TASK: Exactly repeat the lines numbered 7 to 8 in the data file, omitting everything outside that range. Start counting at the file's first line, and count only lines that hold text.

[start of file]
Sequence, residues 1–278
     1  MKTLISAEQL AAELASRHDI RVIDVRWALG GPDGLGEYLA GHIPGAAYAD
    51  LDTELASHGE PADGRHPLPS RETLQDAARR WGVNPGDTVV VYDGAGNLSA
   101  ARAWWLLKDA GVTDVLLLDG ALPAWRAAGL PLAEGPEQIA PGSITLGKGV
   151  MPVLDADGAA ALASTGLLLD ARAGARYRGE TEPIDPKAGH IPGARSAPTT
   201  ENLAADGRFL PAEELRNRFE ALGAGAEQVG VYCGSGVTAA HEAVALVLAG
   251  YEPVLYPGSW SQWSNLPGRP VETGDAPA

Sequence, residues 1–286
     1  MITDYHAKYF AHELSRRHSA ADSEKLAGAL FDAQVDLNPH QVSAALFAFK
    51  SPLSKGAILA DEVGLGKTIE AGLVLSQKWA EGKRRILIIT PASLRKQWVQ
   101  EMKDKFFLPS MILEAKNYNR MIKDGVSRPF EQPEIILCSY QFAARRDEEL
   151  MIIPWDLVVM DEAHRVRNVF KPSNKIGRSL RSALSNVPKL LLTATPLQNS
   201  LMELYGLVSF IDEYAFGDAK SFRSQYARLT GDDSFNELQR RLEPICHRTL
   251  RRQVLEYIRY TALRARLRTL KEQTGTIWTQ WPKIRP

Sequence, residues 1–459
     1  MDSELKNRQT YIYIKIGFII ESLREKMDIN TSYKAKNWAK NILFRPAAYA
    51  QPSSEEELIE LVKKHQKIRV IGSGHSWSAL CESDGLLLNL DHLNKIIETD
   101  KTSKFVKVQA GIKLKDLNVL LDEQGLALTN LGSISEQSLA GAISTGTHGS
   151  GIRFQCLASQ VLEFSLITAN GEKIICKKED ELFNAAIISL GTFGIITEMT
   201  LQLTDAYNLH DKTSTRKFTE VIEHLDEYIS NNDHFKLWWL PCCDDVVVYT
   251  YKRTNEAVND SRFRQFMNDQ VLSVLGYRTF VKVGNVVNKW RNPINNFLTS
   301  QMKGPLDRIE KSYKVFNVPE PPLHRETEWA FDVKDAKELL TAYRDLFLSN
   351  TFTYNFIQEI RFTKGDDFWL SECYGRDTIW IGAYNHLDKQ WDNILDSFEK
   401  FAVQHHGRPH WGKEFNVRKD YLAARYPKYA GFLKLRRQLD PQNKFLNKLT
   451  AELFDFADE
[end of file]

   251  YEPVLYPGSW SQWSNLPGRP VETGDAPA

Sequence, residues 1–286